Fire department agrees to store hospital commission files
The Eureka Springs Hospital Commission has found a new home for its files.
On Monday afternoon, treasurer Barbara Dicks said the Eureka Springs Fire Department has agreed to keep a filing cabinet with the commission’s records in the basement. Dicks said mayor’s assistant Kim Stryker provided a filing cabinet for free, along with working on finding a permanent location for the files.
“I went to the fire department, and they said, ‘We’ll come get it for you,’ ” Dicks said. “So they came to the round house with one ambulance and a pickup truck and all these big guys got the one filing cabinet and took it down.”
She added, “They did all that, and they said, ‘We owe you, because you bought us an ambulance.’ ”
There are still some files at City Hall, Dicks said, but they are all in one place. Those files concern the early days of the commission, Dicks said, when the commission ran the hospital. Finding a location for all the files, Dicks said, saved the commission $700. She estimated at an earlier meeting it would cost around $700 to purchase a filing cabinet, new files and a space to store them.
Also at the meeting, Rusty Windle of Windle & Associates answered questions about the commission’s audit. Windle said the audit would be done soon, saying he’d get it to the commission when he could. Commissioner John House asked why previous audits have shown depreciation, and Windle said that’s because of the ambulance the commission bought. The ambulance is the only reason for depreciation, Windle said.
“I’ll show you that list, but I think the ambulance is all we had left,” Windle said. “If there’s anything else I need to do, let me know and we’ll put it out in more detail.”
Chairman Michael Merry welcomed the hospital’s new CEO, Vicki Andert, saying he’s excited to continue working with her.
“I can’t imagine anyone that we would have been happier to see in that position,” Merry said. “As a commission, we’ve been working with you for so long now and feel so comfortable with you, I don’t think they could have done better.”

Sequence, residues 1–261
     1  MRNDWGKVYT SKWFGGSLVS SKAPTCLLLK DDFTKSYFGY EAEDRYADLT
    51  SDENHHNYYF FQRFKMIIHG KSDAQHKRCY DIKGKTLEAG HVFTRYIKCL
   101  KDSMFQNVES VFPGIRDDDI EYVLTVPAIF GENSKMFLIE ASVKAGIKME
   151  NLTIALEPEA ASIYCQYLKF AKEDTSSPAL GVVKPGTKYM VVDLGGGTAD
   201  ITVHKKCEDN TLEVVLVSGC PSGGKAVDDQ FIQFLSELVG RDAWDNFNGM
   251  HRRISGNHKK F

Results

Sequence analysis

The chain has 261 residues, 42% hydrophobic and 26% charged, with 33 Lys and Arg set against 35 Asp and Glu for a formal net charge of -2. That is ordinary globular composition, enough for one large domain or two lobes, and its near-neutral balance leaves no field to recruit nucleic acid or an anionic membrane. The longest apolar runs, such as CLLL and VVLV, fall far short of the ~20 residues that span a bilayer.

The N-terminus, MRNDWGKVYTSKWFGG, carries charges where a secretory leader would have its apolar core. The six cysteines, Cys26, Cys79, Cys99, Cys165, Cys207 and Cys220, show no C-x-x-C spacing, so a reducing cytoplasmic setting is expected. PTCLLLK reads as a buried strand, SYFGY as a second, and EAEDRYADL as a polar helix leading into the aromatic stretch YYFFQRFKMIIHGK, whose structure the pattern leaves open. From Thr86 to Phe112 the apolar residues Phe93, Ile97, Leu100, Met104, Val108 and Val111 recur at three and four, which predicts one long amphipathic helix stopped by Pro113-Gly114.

“I just want to get in there and do a good job for the community, for the facility and for the staff,” Andert said.
Dicks presented the financial report, saying the commission has $206,059.05 in checking and $2,642,243.07 in CDs. Allegiance didn’t send in its payment for May, Dicks said, until June 8.
“They have told me they will make the June payment this week, so both payments should show up next week,” Dicks said.
House said he’s concerned that Allegiance didn’t pay on time.
“We’re on a path toward spending a lot of money on this hospital project, and if we can’t rely on Allegiance to make the payment they make now, and we’re talking about increasing it by five or six times … that seems much less likely that they’re going to be able to pay their bills,” House said. “One of the things they can do to make us feel much more comfortable about this going forward is that they actually pay on the same day each month.”
Andert said she’d pass that message along, saying Allegiance is supportive of the renovations to the hospital.
“Allegiance is very excited. They want this to go through, too,” Andert said.
Dicks said she’s confident they can work it out.
“We’ll just have to all be on the same page,” Dicks said.
The commission’s next regular meeting is scheduled for 12:30 p.m. Monday, July 16, at the ECHO Community Room.